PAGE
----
Red Rider

Crimson

It’s no mystery that time has no meaning at The Time Bullet, so it shouldn’t be a surprise to anyone that day three of Wild West Week falls about 90 hours after day two.

At the very least, we have a true Golden Age obscurity to offer our understandably befuddled Time Bulleteers.  The headliner of today’s post is “Wilton Of The West,” a standard-issue cowboy that appeared in the first 24 issues of Fiction House’s Jumbo Comics, the book that was also home to a much more famous jungle queen named Sheena.

Aside from the fact that Wilton was an early creation of Jack Kirby’s that was later drawn by Golden Age great Lou Fine, there isn’t much to note about the two-fisted cowpoke.

Nearly one-third through the strip’s run, however, Wilton met a mysterious “Lone Ranger” type named the Crimson Rider who – much like Racer X decades later – would appear out of nowhere to either offer sage advice or outright save the day before disappearing once more.

The Crimson Rider was unique among Lone Ranger analogues, however, because the masked vigilante’s true identity was a woman named Mary Benton who sought vengeance against the men who murdered her father. Since comic-book storytelling was incredibly compressed at the time, Benton accomplished all of her goals in her first appearance (Jumbo Comics #9).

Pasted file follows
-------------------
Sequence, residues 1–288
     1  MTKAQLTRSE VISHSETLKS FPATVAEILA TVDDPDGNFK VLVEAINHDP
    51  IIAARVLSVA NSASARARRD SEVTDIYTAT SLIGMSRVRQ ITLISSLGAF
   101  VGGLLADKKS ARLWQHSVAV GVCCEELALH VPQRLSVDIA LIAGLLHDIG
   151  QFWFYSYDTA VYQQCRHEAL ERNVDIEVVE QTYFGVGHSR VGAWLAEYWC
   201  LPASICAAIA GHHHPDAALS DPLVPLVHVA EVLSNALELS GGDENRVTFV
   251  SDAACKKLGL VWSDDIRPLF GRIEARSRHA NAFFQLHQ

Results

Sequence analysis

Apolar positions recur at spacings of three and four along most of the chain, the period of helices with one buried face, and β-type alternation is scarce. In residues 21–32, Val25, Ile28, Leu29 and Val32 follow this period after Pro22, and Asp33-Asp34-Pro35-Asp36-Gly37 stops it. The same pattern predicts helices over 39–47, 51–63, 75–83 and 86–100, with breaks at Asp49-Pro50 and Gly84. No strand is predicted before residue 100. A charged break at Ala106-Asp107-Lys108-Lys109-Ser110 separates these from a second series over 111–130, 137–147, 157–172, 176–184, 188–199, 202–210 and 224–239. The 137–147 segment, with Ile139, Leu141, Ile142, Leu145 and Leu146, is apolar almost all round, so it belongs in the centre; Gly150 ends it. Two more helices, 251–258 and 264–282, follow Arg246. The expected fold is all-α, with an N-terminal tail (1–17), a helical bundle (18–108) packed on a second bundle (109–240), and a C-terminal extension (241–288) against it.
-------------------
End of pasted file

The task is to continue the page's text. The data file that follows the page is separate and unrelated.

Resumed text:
Crimson Rider

Benton’s crusade continued through five more appearances before she finally rode off to comic-book limbo in Jumbo Comics #18. It’s too bad, because her character was far more interesting than poor Wilton and was an early example of the sort of kick-a$$ heroine Fiction House would soon highlight throughout all its titles.

Today’s story, the Rider’s penultimate appearance, is easily the strangest adventure featuring the duo and is drawn by one of the Time Bullet’s favorite artists, George Tuska.

The untitled tale originally appeared in Jumbo Comics #17 (Fiction House, July 1940).

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And you thought ’90s heroes were extreme!

Coming tomorrow (probably): The Golden Arrow!